What I don’t like…

    The photochromatic lens isn’t that dark under full sun. So I’m not a massive fan on a bright day, especially as I suffer from migraines and protecting my eyes from glare is a high priority for me.

    They also don’t wrap around the sides much. While I’ve never had a problem with wind coming in and annoying my eyes, again it makes a problem with glare.

    Oh, they are ugly… but look a bit better once you have a helmet on. That isn’t saying much.

    1. Author

      Jason: I’m sorry; I really can’t speak to whether they work with the POC Trabec. I’m tried them with every current helmet I have, which totals three. The fact that your Radars don’t fit that helmet and they don’t fit my Aeon or Gage but do fit my Prevail suggests that maybe the Equinox would fit your helmet. Definitely maybe. But only just.

      Chromatic Dramatic: It sounds like your eyes are more sensitive than mine, and that’s saying something. And there’s something about my shark-fin nose that keeps the glasses sitting high on my head so that I don’t have problems seeing the frame. And yes, without a helmet on I wouldn’t be caught dead in these, but then the same goes for my Giro Haviks and my Oakley Radars.

  3. LesB

    Checking the Shimano site I see that these come in different colors, and they do look better in a dark color like the “shiny carbon”. Any glasses frames in white tend to look campy to me.

    Tifosi specs their photochromes by minimum and maximum percent of light transmission, which is handy for comparing different glasses. I couldn’t find such a spec on the Shimano site.

    1. Author

      I got some clarification from Shimano regarding the number of lenses included: In Europe, buyers receive four pairs of lenses, while in the U.S. buyers receive three pair—no yellow tint.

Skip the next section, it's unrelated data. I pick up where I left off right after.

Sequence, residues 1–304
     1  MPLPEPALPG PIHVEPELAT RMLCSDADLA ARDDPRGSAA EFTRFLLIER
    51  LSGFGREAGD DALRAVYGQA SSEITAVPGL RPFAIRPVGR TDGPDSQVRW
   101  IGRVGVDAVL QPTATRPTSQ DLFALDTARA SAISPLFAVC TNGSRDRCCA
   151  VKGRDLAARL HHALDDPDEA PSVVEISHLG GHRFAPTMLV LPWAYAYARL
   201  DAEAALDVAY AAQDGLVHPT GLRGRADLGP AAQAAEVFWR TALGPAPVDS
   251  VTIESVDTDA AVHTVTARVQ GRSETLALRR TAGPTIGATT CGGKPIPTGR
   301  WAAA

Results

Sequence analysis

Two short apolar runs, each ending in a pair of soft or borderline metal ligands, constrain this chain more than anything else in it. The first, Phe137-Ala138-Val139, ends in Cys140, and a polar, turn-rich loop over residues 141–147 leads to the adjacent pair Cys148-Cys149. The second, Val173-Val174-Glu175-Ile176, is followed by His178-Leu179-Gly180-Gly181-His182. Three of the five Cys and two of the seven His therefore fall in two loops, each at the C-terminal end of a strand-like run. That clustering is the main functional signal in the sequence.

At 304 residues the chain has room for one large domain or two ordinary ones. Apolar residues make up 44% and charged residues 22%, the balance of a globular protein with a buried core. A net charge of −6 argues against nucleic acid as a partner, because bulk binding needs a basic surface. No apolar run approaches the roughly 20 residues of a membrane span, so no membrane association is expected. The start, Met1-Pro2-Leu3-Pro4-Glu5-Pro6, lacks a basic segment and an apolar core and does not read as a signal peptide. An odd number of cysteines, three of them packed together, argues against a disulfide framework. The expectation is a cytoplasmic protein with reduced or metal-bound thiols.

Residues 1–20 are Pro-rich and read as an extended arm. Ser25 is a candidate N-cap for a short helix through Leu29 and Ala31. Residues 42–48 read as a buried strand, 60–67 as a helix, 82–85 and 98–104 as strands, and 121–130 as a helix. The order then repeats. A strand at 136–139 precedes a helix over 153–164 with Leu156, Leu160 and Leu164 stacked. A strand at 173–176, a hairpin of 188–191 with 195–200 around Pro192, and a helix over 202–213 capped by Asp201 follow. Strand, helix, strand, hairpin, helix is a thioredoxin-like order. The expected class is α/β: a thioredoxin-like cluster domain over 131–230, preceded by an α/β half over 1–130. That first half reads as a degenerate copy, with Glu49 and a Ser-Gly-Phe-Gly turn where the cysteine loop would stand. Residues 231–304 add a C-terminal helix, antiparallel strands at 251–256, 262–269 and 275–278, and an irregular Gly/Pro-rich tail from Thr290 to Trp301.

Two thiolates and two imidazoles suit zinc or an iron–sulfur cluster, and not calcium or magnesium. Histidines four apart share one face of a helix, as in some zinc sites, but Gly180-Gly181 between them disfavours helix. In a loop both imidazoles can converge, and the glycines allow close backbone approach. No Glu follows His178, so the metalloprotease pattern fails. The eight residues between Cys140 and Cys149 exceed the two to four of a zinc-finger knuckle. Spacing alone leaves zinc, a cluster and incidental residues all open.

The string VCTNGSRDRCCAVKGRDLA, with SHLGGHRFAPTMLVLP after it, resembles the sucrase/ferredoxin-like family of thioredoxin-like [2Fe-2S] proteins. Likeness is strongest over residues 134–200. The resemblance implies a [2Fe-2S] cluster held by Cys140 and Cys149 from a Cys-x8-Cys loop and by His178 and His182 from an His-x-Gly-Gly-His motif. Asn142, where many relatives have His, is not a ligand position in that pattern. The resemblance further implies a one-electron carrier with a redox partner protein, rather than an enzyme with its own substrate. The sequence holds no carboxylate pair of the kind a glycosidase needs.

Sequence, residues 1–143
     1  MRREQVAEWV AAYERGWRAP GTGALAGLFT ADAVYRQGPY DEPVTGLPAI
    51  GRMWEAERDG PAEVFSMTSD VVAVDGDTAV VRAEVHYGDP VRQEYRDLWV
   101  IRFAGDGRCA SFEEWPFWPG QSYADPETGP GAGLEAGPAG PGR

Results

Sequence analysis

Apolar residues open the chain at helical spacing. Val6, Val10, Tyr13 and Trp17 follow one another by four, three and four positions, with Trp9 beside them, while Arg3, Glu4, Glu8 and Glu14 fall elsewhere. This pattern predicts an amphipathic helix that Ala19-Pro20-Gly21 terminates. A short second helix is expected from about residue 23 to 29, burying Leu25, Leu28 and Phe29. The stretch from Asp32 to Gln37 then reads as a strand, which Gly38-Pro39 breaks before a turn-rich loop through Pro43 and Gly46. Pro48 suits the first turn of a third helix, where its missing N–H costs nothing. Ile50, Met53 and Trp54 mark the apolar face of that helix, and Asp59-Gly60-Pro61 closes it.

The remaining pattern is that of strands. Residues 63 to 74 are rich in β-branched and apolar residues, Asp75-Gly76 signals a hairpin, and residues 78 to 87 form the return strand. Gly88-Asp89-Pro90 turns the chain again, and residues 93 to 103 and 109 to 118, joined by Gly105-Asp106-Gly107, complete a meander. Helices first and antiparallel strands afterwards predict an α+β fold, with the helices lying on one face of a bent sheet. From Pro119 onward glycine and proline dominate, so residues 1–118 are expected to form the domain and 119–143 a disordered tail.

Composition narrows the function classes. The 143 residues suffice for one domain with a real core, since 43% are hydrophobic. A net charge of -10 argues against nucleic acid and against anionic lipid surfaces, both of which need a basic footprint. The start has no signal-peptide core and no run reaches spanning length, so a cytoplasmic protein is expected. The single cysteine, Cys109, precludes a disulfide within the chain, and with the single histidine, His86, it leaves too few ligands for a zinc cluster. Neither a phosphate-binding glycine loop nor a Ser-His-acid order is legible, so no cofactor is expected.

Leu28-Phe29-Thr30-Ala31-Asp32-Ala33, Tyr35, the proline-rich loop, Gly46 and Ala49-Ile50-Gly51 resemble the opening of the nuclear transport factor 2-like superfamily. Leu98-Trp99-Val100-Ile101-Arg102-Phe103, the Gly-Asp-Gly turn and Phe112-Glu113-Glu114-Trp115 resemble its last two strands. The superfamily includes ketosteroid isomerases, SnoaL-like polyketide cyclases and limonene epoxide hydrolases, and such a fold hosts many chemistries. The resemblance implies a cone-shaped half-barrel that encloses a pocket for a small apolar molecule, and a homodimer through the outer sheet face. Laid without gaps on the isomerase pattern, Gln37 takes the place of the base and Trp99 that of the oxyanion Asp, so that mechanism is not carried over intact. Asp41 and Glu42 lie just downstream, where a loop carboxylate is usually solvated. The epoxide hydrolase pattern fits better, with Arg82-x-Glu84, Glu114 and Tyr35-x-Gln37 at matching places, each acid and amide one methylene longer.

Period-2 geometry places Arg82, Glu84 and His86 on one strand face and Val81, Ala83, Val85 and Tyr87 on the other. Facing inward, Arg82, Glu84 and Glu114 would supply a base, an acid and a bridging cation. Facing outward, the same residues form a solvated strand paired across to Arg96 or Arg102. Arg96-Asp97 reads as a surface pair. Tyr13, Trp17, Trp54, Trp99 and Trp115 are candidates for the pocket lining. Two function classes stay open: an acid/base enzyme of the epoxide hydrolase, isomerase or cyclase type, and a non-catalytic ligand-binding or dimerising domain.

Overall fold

LesB: I, too, would like to see minimum and maximum light transmission expressed as a percentage of total. Whatever it is, it’s incredibly broad. I’ve never been more surprised by eyewear.

  4. tinytim

    I dunno about these things. First, the weird pointy triangle at the bridge of the forehead makes it look at though Shimano is trying to bring the ‘widows peak’ back into fashion (even if it makes one more aero). Secondly, with the glasses being sported on Albert, Shimano makes it clear that these puppies are for the cx swamp bog knife fights. Personally, I’ll always turn to Smith Optics full on ski glasses. They have never turned me down while bombing Downieville on my coaster break monster 29++ bike. Also, the ski glasses look sharp as hell while sitting at the brewery drinking a pint with the glasses hanging off your neck like a redbull rider who is always getting the Big air and the chicks.

  5. mirror man

    hmmm…so they look good to me and they take a rx. HOWEVER there doesn’t seem to be a U.S. distributor. Any suggestions as to where to get them in the States or on-line?


    1. Author

      Mirror Man: Your preferred bike retailer should be able to get them with minimal fuss; I’ll ask my source to confirm. Alternatively, there are some online retailers that are carrying them.

    1. Author

      Michael: Not yet, but do have another pair I should try. I confess that I’ve rarely worn anything other than the Equinox for more than a month.

  6. Les.B.

    Padraig, On your advice I recently bought a pair of these only with black frames. After a week of usage I can say that the photochromic lens lives up. From a low-light cloudy or early morning condition to full winter sun they provide good light levels. Whether they do so in bright summer sun for my taste is months away to be seen. But from all indication I think they will.

    I camouflaged the silver “V” by painting it over with black appliance touch-up paint. In the 50’s a “V” stood for a V-8 engine. Hardly.

    In the sixties the word “sunglasses” got supplanted by “shades”. When did it ever get changed back? That one sneaked up on me. And now “eyewear”.

    Anyway, I like then. Thanks for the review.